What Detroit Tigers Should Expect from Life Without Jhonny Peralta

Daniel WilliamsContributor IIIAugust 5, 2013

Jhonny Peralta was suspended for 50 games for PED use
Jhonny Peralta was suspended for 50 games for PED useLeon Halip/Getty Images

Major League Baseball has suspended Detroit Tigers' shortstop Jhonny Peralta and 12 others for their involvement in the Biogenesis PED scandal.

Peralta will not appeal the decision and begin serving his suspension immediately.

This is nothing new for MLB, the Detroit Tigers or Peralta. After news initially broke with the list of players receiving banned substances, punishment was merely inevitable. Peralta released a statement Monday through the Tigers organization:

In spring of 2012, I made a terrible mistake that I deeply regret. I apologize to everyone that I have hurt as a result of my mistake, including my teammates, the Tigers’ organization, the great fans in Detroit, Major League Baseball, and my family. I take full responsibility for my actions, have no excuses for my lapse in judgment and I accept my suspension.

I love the fans, my teammates and this organization and my greatest punishment is knowing that I have let so many good people down. I promise to do everything possible to try and earn back the respect that I have lost.

In this writer’s opinion, this was the right thing to say. Not for the sake of the organization or because he got caught—because he’s aware of the work ahead of him.

Peralta will have to regain trust and respect from everyone in the baseball universe while repairing his individual integrity.

The Detroit Tigers released their own statement on Monday:

We recognize the suspension of Jhonny Peralta for violating Major League Baseball’s Joint Drug Prevention and Treatment Program as a measure taken in the best interest of the game. The Detroit Tigers continue to fully support Major League Baseball’s policy and its efforts to eliminate performance enhancing drugs from our game. Per the protocol outline by Major League Baseball’s collective bargaining agreement, the Tigers’ organization will provide no further comment on Peralta’s suspension.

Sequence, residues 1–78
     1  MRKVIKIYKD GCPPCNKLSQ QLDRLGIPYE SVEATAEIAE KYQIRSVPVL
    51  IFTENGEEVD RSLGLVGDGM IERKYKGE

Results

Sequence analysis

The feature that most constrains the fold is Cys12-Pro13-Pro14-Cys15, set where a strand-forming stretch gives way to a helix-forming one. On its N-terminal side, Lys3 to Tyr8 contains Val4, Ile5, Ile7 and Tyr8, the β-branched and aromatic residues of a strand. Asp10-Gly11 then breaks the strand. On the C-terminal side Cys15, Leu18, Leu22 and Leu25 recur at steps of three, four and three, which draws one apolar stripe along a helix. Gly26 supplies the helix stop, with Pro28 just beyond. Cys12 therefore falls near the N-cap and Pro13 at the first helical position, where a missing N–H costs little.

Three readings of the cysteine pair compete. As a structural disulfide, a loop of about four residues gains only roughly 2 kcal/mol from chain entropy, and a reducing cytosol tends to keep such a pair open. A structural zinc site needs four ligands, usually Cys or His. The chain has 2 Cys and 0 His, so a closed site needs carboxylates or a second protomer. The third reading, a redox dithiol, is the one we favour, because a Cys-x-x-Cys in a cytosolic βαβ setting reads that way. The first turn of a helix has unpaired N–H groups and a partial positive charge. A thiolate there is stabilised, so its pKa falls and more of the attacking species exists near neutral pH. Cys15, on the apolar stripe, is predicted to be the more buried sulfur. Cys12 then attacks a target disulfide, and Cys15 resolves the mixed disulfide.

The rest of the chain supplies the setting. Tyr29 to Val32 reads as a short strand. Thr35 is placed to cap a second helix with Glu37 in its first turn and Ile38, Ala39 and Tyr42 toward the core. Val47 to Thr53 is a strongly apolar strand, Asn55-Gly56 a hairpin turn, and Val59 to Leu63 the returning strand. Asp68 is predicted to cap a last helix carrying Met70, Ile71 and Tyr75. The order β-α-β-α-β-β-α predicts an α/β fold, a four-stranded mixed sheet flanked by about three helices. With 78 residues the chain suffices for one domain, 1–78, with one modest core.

The Tigers wisely prepared themselves for this situation by acquiring infielder Jose Iglesias from the Boston Red Sox in a three-team trade last Tuesday night. Iglesias is a remarkable fielder who should greatly improve the Tigers defense in Peralta’s absence.

Life without Peralta for Detroit won’t be so bad. Over the weekend fans received a glimpse as to what 23-year-old Iglesias can provide both in the field and at the plate.

They were emotionally prepared as well. They knew what they were facing with Peralta’s looming suspension and they ran him out there to squeeze every little bit out of him that they could. Now they won’t see him until September 27 against the Miami Marlins—at the earliest.

Between Ramon Santiago, Hernan Perez, Jose Iglesias and the eventual return of second baseman Omar Infante, the Tigers are stocked with middle infielders. If they really feel so inclined, Don Kelly has seen time at every infield position in his career as well.

They will certainly miss the power in his bat. Peralta provided some punch toward the end of the lineup and protected Victor Martinez sufficiently. While the drop in power will be noticeable, Alex Avila’s bat has perked up as of late and the introduction of speed from Jose Iglesias could make the Tigers more dangerous on the base paths.

For the fans, it’s a matter through what scope PED’s are seen. Many are sure to write off Peralta as a cheater and call for his release, while others may see it as “keeping up with the Joneses”. Whether or not Peralta’s apology is genuine, keep in mind how he handled the impending decision.

The man was facing rumors of a suspension for most of the season and it became all but sure once Ryan Braun came clean.

Jhonny Peralta played baseball.

He was barraged by reporters and analysts for statements and opinions on the matter. Many players denied the allegations and some continue to fight them.

Jhonny Peralta played baseball.

It was announced early last week that suspensions were imminent for players that were indicated.

Jhonny Peralta hit .294, a solo home run and scored four runs en route to helping his Tigers sweep an eight-game homestand.

MLB has made their stance on PED’s abundantly clear, and yet players continue to seek the perks with little to no remorse.

But Peralta isn’t feeling sorry for himself. The Detroit Tigers aren’t feeling sorry for him. Major League Baseball absolutely doesn’t feel sorry for anyone, as Arizona Diamondback's pitcher Brad Ziegler has made clear on Twitter.

Peralta is certainly receiving a just punishment for his actions. He used banned substances and he’s paying the price for his crime against the integrity of the game—as well as himself.

He’ll serve his time and the team will be quite alright without him. When he returns in September, the team will likely integrate him back into the lineup.

Everything will seemingly be back to normal, but only Jhonny Peralta will know how much work will really need to be done.